A master’s or doctoral degree is typically required to work as an economist, although some roles may be available for those with a bachelor’s degree and appropriate work experience. Although historically economists were mostly found in academia and government, private sector demand for economists has increased in the past few decades. Overall demand for economists is growing faster than other occupations, as businesses increasingly consult economists for their expertise in data analysis and statistics. With the rise of big data, aspiring economists should focus on not only the traditional economic curriculum, but also statistical and coding skills.
Looking for a new economist job? Browse diverse vacancies from top companies on Glassdoor to find a fabulous new position. Discover temporary economist jobs, regional economist openings, national economist roles, and more in both government and private sectors.
If you're just beginning your economist career, take a look at graduate, entry level, and junior positions. If you have plenty of experience working as an economist, why not apply for senior, lead, head, or chief economist roles? Alternatively, you can base your search on your particular field of expertise, for example financial or real estate economist jobs. Find openings for project economists, research economist opportunities, policy economist roles, and more with Glassdoor.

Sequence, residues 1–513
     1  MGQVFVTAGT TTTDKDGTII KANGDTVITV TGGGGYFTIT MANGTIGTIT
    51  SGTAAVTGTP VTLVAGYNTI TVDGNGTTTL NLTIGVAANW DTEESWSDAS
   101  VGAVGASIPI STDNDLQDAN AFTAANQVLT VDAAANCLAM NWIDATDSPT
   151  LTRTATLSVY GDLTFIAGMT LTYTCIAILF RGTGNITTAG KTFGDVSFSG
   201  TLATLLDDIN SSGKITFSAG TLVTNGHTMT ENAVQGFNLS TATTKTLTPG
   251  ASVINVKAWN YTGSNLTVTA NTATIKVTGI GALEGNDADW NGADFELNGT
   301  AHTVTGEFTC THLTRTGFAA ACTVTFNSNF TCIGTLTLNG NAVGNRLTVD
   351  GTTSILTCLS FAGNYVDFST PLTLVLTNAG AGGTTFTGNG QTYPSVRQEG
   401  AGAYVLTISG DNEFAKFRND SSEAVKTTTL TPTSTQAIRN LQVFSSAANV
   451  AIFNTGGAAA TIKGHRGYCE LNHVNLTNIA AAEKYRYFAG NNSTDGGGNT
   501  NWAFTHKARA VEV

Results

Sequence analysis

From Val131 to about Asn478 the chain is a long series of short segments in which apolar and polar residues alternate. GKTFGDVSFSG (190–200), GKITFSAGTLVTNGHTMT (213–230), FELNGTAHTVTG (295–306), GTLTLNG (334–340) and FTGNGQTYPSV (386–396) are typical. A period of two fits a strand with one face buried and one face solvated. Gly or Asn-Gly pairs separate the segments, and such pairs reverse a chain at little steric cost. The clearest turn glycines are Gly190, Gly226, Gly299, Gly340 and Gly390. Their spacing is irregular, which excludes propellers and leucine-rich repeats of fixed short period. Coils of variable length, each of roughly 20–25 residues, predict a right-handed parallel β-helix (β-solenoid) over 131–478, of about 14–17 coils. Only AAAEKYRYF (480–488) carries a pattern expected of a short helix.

When you find the perfect opportunity, start planning for your job interview with some of the most-asked economist interview questions and sample answers.
Knowing what a good salary is for economists is essential wherever you are in the recruitment process. Whether you're completing applications, considering job options, or negotiating a job offer, it's important to have realistic salary expectations. Here's how you can obtain a high paying economist job:
Many top employers typically offer an array of perks and benefits for economist jobs alongside fair remuneration. For example, extra job benefits may include: